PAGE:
Stajkovic, Alex. “Alex Stajkovic Confidence and Performance Talk.” YouTube, 13 May 2016, Accessed 9 Aug. 2019.

Stajkovic, Alexander D. “Development of a Core Confidence-Higher Order Construct.” Journal of Applied Psychology, vol. 91, no. 6, 2006, pp. 1208–1224,, 10.1037/0021-9010.91.6.1208. Accessed 9 Aug. 2019.

Zakrzewski, Vicki. “How to Help Students Develop Hope.” Greater Good, 2012, Accessed 9 Aug. 2019.

Cli-Fi: Reframing Eco-Anxiety

Bloom, D. (2014, April 7). “Cli-Fi” May Be No Stranger than Reality – Our World. Retrieved December 19, 2019, from website:

Bloom, D. (n.d.). he Cli-Fi Report. Retrieved February 27, 2020, from website:

Brown, F. (2019, December 5). What is Climate Fiction? Cli-Fi and How It Can Help Us Respond to the Climate Crisis. Retrieved January 12, 2020, from Stories for Earth website:

Cavanagh, V. (2020, January 24). Friday essay: this grandmother tree connects me to Country. I cried when I saw her burned. Retrieved January 24, 2020, from The Conversation website:

Curtis, S. (2019). It’s not OK to feel blue and other lies : inspirational people open up about their mental health. London: Penguin Books.

Diego Arguedas Ortiz. (2019). How science fiction helps readers understand climate change. Retrieved January 5, 2020, from website:

Eckersley, R. (2008). “Nihilism, Fundamentalism, or Activism: Three Responses to Fears of the Apocalypse” by Eckersley, Richard – The Futurist, Vol. 42, Issue 1, January-February 2008 | Online Research Library: Questia. The Futurist, 42(1). Retrieved from

Fentin, R. (2012, April). Disobedience Youth: Political Involvement and Genre Resistance in Contemporary Young Adult Dystopian Fiction. Retrieved December 19, 2019, from website:

Fritze, J. G., Blashki, G. A., Burke, S., & Wiseman, J. (2008). Hope, despair and transformation: climate change and the promotion of mental health and wellbeing. International Journal of Mental Health Systems, 2(1), 13.

Hope is a key factor in recovering from anxiety disorders: Hope increases in therapy. (2019). Retrieved December 19, 2019, from ScienceDaily website:

Leyda, J., Loock, K., Starre, A., Pinto Barbosa, T., & Rivera, M. (2016). The Dystopian Impulse of Contemporary Cli-Fi: Lessons and Questions from a Joint Workshop of the IASS and the JFKI (FU Berlin) The Dystopian Impulse of Contemporary Cli-Fi. Retrieved from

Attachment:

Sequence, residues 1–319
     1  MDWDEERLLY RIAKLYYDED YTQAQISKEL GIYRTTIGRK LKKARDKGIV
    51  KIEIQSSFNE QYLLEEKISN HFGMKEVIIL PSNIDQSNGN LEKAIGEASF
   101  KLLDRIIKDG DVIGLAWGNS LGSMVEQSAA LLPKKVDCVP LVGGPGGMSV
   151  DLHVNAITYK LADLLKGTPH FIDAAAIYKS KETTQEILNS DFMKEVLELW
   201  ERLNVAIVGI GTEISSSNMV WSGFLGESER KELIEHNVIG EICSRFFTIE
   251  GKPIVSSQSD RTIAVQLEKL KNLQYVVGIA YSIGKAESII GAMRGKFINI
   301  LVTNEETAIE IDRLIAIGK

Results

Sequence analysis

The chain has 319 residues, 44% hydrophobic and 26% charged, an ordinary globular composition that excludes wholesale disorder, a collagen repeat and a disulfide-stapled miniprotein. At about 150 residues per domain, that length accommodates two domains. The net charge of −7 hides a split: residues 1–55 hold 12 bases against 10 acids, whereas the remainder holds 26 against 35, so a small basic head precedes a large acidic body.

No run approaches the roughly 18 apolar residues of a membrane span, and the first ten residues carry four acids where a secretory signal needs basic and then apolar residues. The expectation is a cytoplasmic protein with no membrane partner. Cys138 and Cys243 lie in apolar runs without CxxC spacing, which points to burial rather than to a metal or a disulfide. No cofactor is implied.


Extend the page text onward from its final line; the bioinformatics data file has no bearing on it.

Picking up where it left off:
Marsden, J. (2019). The art of growing up. Sydney, N.S.W.: Pan Macmillan Australia.

McArthur, M. (2017). Storytelling: the most important skill I ever learnt as a scientist. EINGANA, 40(1). Retrieved from

Plautz, J. (2020, February 3). Eco-anxiety is overwhelming kids. Where’s the line between education and alarmism? Retrieved February 8, 2020, from Washington Post website:

Ro, C. (2019, October 11). How to avoid being paralysed by climate anxiety. BBC. Retrieved from

Rousell, D., Cutter-Mackenzie, A., & Foster, J. (2017). Children of an Earth to Come: Speculative Fiction, Geophilosophy and Climate Change Education Research. Educational Studies, 53(6), 654–669.

Sanders, A. (2019, December 2). Under the Weather. Retrieved January 12, 2020, from Believer Magazine website:

“THE GENRE THAT DARES TO SPEAK ITS NAME” — A Global Cli-fi Blog (all languages). (n.d.). Retrieved January 5, 2020, from website:

Veland, S., Scoville-Simonds, M., Gram-Hanssen, I., Schorre, A., El Khoury, A., Nordbø, M., … Bjørkan, M. (2018). Narrative matters for sustainability: the transformative role of storytelling in realizing 1.5°C futures. Current Opinion in Environmental Sustainability, 31(April 2018), 41–47.

Verlie, B. (2019). Bearing worlds: learning to live-with climate change. Environmental Education Research, 25(5), 751–766.

Wilkinson, L. M.-L. (2015). The politics of empowerment: young adult literature, heterotopia and the possibility of social change. Retrieved from